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On Suicide and Healing ...

I have little expertise on depression, and my suicide training is a safeTALK card in my wallet. Anxiety, I have tasted, but never has it suppressed my desire to live. In no category of mental health would I consider myself an expert. But I know people who are. In fact, I know quite a few. And so do you.

If Academia could define expert they might begin with: "one who holds an embossed beige paper with a seemingly arbitrary spread of letters after their name." And you might agree. If that was the only definition point, I could be considered a minor expert of sorts. But my own calligraphied letters, despite their lavish wooden frames, are now wrapped within miniature bubbles in a basement closet. I appreciate them, but much like my SafeTalk card, text book education can only teach you so much. I know risk factors, symptoms, what to ask, how to listen and who to call when someone needs help. But I do not know the pain. Experience is where you learn about the pain. And the real experts are those who help or personally experience that pain every day.

The loss of two respected celebrity experts has taken a prominent space in the newsfeeds this June and their struggles with mental health has been a large part of their stories. For me, the most difficult part in reading these posts is realizing that we are too late to change their endings. And that goes for anyone who has chosen to end their own life. It is a loss, no matter who you are in this world and how you died. But rather than leaving our posts with heartfelt remembrance, please fight for the many who continue to battle. Because their battles are ones that require an army of support to win. Can we please try to prevent this from happening to those closest to us? Whether it be through social media or good old fashion face to face conversations, please offer a word of encouragement and a wiliness to listen to their pain.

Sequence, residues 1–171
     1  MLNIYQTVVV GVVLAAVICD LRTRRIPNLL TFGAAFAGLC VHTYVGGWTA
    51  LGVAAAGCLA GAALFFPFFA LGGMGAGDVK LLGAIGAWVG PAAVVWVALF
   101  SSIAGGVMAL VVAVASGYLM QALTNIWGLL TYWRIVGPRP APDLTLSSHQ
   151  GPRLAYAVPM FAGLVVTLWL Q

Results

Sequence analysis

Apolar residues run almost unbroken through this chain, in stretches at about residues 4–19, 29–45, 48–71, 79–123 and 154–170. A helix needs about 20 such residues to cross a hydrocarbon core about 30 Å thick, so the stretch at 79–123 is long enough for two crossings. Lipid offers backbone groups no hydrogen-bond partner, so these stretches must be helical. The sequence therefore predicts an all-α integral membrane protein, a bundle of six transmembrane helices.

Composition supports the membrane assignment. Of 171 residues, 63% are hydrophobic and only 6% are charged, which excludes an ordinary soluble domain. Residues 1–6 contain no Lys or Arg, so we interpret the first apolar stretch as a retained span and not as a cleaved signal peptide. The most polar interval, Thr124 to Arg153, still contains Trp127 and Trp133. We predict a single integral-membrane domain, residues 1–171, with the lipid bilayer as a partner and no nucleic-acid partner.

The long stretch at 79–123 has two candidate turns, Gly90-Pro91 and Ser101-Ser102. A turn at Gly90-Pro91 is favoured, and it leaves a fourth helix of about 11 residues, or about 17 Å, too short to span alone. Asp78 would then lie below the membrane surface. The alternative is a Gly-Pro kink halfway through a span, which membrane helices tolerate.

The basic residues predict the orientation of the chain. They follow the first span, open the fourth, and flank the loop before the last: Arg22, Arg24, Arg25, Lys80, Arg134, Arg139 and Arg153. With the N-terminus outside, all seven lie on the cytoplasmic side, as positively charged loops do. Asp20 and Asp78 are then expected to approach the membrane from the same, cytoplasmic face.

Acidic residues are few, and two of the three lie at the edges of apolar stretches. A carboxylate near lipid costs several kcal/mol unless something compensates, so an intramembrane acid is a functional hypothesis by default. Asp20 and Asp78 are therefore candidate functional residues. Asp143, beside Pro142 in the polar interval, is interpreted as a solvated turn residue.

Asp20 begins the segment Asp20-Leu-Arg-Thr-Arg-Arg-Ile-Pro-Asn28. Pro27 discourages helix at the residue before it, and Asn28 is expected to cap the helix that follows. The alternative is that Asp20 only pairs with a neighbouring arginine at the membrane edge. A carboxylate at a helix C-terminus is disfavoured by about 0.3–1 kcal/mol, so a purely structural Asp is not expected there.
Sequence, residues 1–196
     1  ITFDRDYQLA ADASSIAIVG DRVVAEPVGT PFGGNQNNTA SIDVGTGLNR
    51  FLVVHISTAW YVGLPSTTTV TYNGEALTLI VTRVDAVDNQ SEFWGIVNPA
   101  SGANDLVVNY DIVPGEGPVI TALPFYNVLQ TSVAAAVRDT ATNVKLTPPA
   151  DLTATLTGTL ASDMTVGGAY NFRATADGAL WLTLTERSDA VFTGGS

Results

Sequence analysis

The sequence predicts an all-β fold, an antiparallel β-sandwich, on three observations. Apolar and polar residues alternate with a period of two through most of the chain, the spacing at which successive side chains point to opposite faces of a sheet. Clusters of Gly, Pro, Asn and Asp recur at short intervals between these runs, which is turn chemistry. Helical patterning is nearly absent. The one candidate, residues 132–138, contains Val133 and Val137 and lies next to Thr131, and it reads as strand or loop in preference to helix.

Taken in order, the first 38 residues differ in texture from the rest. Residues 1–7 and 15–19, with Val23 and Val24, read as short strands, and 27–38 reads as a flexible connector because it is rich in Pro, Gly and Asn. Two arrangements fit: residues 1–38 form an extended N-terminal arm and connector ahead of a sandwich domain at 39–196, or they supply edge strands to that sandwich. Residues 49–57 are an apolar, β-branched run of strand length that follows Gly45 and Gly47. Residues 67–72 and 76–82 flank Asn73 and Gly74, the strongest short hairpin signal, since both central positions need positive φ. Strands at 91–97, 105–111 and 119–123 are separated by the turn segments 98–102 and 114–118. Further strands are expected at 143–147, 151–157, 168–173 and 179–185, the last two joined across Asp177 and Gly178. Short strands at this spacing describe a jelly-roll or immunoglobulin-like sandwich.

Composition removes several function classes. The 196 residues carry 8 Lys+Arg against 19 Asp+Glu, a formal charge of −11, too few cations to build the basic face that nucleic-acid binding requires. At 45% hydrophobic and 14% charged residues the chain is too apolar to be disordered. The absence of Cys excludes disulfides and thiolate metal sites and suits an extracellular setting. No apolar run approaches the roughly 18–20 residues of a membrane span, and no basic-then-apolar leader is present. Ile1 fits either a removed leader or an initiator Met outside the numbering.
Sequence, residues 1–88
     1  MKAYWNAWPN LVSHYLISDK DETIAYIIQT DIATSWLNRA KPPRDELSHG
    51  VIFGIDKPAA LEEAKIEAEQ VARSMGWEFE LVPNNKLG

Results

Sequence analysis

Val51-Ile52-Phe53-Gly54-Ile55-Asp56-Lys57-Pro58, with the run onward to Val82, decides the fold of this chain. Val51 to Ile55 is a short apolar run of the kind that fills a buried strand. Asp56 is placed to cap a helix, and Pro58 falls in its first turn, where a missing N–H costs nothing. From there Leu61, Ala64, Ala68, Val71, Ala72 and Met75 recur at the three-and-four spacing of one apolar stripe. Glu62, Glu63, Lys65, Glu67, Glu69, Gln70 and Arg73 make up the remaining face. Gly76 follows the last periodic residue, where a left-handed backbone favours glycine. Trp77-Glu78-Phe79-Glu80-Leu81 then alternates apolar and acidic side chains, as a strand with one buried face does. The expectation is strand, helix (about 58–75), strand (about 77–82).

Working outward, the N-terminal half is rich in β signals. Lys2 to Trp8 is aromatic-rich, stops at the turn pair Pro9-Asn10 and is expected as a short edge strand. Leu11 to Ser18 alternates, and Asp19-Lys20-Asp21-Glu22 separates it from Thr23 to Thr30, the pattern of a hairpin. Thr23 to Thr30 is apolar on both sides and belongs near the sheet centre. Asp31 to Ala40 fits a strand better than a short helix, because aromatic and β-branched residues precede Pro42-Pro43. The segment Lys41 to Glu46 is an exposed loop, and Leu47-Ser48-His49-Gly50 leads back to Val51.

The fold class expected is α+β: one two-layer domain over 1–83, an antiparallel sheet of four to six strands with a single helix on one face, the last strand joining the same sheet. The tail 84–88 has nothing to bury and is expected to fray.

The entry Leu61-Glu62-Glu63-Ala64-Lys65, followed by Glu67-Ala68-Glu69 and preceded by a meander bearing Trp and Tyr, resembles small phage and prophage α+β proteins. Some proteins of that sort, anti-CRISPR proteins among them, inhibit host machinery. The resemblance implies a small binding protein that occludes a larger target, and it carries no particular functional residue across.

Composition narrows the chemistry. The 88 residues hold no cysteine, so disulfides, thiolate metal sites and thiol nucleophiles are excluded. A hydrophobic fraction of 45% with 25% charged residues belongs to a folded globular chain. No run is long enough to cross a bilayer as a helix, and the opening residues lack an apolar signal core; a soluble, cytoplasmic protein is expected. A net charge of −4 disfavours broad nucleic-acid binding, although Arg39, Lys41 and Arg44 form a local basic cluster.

I started hope prose with the intention of replacing some of the stories of loss with ones of hope. And I haven't done that with a real person yet. I'm sorry. So, starting next week, I am committed to doing just that. I do not wish to belittle the pain and suffering of the families who are directly grieving right now, but I do wish to build hope going forward. Specifically, I want to share a story about one of the most vibrant young women I know. She’s not a celebrity by Instagram or Snapchat standards, but her story deserves to be in the newsfeed. She too has battled against anxiety and depression. And for her, she found experts of the alphabet sort, experts of the experience sort and experts of the hope sort. And through all of their help, she now has a realization that hope can be the catalyst to healing. Perhaps her story will be the tiny seed of hope you need to move forward in your own journey.

If you are a youth in Canada who needs someone to talk to please call:

Kids Help Phone – or phone 1-800-668-6860

If interested in receiving safeTALK training yourself and you are from Ontario, Canada please visit:

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